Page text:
The remaining nine fields in the campus_header file are useful fields that contain the campus identifier as well as other important information such as school name. We want those fields so we extract them using tr and tail and write the results to a 'tmp' file. As in the previous example, add the varchar type definition using sed and write the output to the 'last' file. We glue the 'first' and 'last' file using the cat command and redirect the output to the campus_dropout_rate.sql file. Finally, we finish by adding the CREATE TABLE statement and closing parentheses was we did in the previous example.

In this section, we used command line utilities to clean up files and create SQL scripts to create tables in Postgres. Repeat the process for the district dropout rate data. When we have completed the cleaning and making SQL scripts for the district data, we'll be ready to import the data into Postgres. 

Importing CSV files into Postgres
In this section we will use PGAdmin and the SQL editor to load the data. Open PGAdmin III, select the 'texas' database, and click on the 'SQL' button to launch the SQL editor.

In the SQL query window, click on the 'File'>'Open' to open the campus_dropout_raw.sql file. Load the file, then click on Click on 'Query'>'Execute' to run the script.

Repeat the same process for the campus_dropout_rate.sql, district_dropout_raw.sql, district_dropout_rate.sql files. You should have four new tables listed when you are finished.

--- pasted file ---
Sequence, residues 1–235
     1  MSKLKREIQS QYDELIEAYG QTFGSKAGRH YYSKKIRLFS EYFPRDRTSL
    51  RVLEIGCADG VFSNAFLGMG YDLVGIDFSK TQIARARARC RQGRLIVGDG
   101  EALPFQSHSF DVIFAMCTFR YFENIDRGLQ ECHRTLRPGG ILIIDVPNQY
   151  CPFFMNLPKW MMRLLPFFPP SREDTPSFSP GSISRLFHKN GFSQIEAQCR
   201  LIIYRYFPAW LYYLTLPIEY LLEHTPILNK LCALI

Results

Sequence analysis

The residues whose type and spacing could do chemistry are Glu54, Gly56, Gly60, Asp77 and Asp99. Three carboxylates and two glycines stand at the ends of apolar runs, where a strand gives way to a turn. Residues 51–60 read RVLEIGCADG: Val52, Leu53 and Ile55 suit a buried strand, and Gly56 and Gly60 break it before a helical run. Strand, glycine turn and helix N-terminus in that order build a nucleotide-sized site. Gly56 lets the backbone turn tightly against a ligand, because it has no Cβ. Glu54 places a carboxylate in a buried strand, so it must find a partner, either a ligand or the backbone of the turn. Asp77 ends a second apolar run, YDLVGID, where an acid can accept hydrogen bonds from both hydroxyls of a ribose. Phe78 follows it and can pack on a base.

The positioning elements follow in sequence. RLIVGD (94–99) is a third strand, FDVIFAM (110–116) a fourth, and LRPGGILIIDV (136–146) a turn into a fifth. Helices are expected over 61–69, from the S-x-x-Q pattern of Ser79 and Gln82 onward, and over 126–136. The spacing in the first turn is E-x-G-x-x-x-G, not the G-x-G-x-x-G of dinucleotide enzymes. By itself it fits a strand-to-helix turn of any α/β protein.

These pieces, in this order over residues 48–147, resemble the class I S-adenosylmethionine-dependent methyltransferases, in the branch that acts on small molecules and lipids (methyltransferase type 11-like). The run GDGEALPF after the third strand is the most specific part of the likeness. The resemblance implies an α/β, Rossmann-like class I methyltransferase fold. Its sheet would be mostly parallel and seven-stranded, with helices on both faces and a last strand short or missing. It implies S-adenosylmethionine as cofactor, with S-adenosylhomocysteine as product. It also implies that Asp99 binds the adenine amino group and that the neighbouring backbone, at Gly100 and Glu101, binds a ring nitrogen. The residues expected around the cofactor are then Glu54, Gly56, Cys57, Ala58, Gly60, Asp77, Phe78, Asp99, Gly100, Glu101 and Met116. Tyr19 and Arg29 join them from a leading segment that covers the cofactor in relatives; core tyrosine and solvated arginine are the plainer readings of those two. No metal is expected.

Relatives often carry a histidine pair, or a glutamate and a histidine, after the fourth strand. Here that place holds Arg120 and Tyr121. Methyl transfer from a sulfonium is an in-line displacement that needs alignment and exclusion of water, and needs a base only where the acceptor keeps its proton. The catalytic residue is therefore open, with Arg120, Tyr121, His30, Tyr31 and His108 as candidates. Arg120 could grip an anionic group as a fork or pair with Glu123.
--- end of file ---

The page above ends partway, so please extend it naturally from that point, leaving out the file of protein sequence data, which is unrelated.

The final step is to import the raw data and insert the cleaned data in to the campus and district rate tables. Postgres provides the COPY command to import text files into tables. You can use the SQL window to write and execute SQL. Clear the the window by clicking on 'Edit'>'Clear window' and type the following and substituting the appropriate path.

The next step is to populate the campus_dropout_rate table from the table containing the raw data. To do this, we use and INSERT statement to copy the data and convert the data to a numeric type. Using the same techniques in the previous example, I created this script.

Copy and past the script into the SQL window and run the script.
Repeat the same process for the district data. That's it for loading the tabular TEA data on campus and district dropout rates. Later on, we will join the tables to the school and district PostGIS layers for analysis.

We've done a lot - installed software, created a database, reprojected and loaded shape files in PostGIS using QGIS, used command line tools to clean up CSV files and create SQL scripts, and finally created tables and loaded data in Postgres. While some of this may seem complicated (especially the command line portion), this is the type of work flow I would use if someone asked me to make a map of data pulled from the Internet. It's the kind of workflow that I used as a GIS analyst in a previous life to overcome the shortcomings of spreadsheets and text editors as data cleaning tools. Overall, I'm impressed that I can do all of this in Windows with just QGIS and Postgres.

The following article will cover spatial analysis in QGIS and Postgres. We'll look at QGIS plug-ins and exercise the spatial functions in PostGIS. 

Friday, February 3, 2012

Game Changer: Open Source Mapping in Windows